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Kline talks small businesses at health care summit

House Republicans nominated Rep. John Kline to give their introductory remarks at today's White House health care summit, and he responded by making an argument for reform via incremantalism (as opposed to a more omnibus, single-bill strategy). The example at hand — allowing small businesses to pool together to purchase insurance.

"I think that Senator Alexander framed our overall position very well when he said that we're looking at thousands of pages of legislation, and we believe a better approach is to go step by step to address these issues of cost," Kline said. "We certainly agree that you get better economies of scale if you can come together. We have proposed, in both the House and the Senate — in fact, for a number of years — that small businesses be able to band together in small-business health plans or association health plans"

Kline's full introductory remarks, transcribed by Congressional Quarterly and printed by the Washington Post, can be found here. He also featured in an exchange with New Jersey Democrat Robert Andrews over whether the federal government should have universal minimum requirements for insurance plans, with Andrews advocating for it and Kline against.

One other point I want to mention on this. House Republicans had many people to choose from when picking someone to make their case. Two very logical choices would have been Charles Boustany of Louisiana, a heart surgeon by trade who gave the GOP's response to Obama's speech to a joint session of Congress in September, and Paul Ryan of Wisconsin, who actually authored his own health care plan.

Instead, they went with Kline, ranking member on the Education and Labor Committee. Kline has become an increasingly vocal policy wonk on health care and education since ascending to the top Republican slot on Ed and Labor, not too big of a surprise since that committee's jurisdiction includes health care and the economy. Given that this session has been all about health care and the economy, it has led to a vast increase in his exposure.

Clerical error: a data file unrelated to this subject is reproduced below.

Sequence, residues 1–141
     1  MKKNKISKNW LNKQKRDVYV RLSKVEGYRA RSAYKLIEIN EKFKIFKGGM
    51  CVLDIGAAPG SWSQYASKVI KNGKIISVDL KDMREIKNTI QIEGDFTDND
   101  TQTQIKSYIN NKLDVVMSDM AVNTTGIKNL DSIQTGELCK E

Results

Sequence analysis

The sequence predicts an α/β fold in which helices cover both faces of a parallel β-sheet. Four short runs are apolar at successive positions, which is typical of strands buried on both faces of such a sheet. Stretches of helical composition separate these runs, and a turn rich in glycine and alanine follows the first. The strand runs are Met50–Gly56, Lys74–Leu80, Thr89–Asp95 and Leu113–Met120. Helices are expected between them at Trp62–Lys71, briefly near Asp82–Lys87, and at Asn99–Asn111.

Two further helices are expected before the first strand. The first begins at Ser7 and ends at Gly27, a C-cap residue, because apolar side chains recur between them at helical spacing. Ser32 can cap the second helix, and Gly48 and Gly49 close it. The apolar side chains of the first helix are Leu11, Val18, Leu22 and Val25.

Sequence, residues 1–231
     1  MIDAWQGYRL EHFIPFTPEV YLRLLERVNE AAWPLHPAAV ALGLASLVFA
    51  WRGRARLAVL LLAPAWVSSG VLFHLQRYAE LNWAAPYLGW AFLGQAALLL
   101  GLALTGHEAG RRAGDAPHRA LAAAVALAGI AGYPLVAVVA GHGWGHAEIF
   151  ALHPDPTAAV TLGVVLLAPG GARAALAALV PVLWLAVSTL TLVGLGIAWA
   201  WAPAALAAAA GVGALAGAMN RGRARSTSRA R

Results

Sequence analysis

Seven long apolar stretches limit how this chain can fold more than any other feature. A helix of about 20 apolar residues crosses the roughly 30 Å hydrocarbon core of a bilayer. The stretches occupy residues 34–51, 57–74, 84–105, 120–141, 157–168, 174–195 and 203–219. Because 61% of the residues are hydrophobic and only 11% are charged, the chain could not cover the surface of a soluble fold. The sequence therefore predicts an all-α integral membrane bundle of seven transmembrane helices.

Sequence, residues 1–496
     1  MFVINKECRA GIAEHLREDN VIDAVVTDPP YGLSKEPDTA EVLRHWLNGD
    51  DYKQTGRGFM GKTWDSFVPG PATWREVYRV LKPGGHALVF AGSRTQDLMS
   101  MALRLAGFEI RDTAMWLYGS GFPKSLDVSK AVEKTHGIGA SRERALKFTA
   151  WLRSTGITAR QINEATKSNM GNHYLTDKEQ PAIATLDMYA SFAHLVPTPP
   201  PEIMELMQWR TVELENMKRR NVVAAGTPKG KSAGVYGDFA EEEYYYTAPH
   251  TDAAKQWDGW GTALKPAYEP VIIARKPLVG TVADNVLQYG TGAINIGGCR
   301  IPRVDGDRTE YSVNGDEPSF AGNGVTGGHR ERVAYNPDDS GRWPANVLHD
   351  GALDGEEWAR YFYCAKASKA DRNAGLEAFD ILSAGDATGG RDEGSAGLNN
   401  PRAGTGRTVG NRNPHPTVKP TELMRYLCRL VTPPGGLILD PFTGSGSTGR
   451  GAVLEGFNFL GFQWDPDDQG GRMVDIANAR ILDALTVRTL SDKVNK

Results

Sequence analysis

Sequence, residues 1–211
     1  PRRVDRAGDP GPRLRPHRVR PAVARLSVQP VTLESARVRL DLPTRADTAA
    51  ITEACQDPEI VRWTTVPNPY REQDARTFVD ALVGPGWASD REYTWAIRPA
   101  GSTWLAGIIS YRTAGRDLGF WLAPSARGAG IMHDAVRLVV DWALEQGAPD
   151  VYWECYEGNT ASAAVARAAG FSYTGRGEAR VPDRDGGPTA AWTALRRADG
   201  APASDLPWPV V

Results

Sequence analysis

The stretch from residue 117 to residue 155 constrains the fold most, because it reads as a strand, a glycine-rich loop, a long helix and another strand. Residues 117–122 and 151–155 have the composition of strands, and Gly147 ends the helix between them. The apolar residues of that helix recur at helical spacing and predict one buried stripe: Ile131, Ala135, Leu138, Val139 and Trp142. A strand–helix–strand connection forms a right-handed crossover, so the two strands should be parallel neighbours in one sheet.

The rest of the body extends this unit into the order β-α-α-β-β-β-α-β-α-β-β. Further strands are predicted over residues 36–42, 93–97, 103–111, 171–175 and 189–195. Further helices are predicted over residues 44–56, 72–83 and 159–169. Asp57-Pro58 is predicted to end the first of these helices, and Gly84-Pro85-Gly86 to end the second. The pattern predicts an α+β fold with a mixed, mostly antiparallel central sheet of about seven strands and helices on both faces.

This exposure, as the voice of House Republicans on a national stage, is another step in that ascendancy. How big a step (and where he might be headed) I don't know, but it's certainly worth noting.

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Comments (2)

When viewed and analyzed carefully, it's clear that Rep. Kline and the Reb's approach to health care change (it certainly can't be called "reform") does nothing to help actual small town, small businesses.

It chooses big businesses and big insurance companies over mom and pop on main street right up and down the line. Any small business that's struggling to break even (even though well managed, providing excellent products and services, and well liked by its customers), and thus reporting little or no profit on which it can be taxed, is not helped in any way by tax cuts or tax credits because those things are applied to already non-existent tax liabilities.

Furthermore, allowing insurance companies to sell their policies in any state without regard to anything but their home state's regulations would bring us all the same benefits we've seen with the credit card companies over the past few decades - NO effective regulation.

The result will be that the insurance companies, like the credit card companies, will now be freely able to screw the public seven ways from Sunday while using deceptive and dishonest practices, and consumers, especially those with the most need, will be left without recourse when they've been ripped off.

There will be increased competition, all right, but that will be competition to make MAXIMUM profits for their shareholders and to pay their executives MAXIMUM salaries and benefits by figuring out how to collect the highest premiums from their policy holders while paying out the smallest number of claims (by hook or by crook).

There may be competition to provide the glossiest, most deceptive commercials, but there will be no competition to actually provide excellent service to the general public at the lowest possible cost. Wall Street would murder any company that sought to do so.

More of steal from the poor and middle class, give the proceeds to the poor starving people in the top 5% of income brackets. Truly plans only a big-business, big-money Republican could love!

You are right Greg. Small Businesses don't want anything to do with health care. They aren't health insurance professionals and even they lack the savy to extract the best from the most corrupt sector of our economy. What small business really wants is a simple public option or single payer or an exchange that is rigidly regulated so that benefits and exclusions are expressly outlined. They don't want more gobbledegook that is simply another deceptive package of for-profit insurance that specializes in exluding sick people and making all employees and employers ultimately vulnerable. Kline does not have a clue as to the absolute health insurance debacle that small business faces on a daily basis. What he does understand is the viewpoint of the Chamber of Commerce and the Corporations that run it.